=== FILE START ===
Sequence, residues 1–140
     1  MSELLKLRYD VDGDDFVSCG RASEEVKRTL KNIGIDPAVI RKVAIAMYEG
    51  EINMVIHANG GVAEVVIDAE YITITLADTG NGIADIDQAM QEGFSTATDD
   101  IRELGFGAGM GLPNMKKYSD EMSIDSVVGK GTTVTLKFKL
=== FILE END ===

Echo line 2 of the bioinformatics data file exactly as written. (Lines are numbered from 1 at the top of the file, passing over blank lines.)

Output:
     1  MSELLKLRYD VDGDDFVSCG RASEEVKRTL KNIGIDPAVI RKVAIAMYEG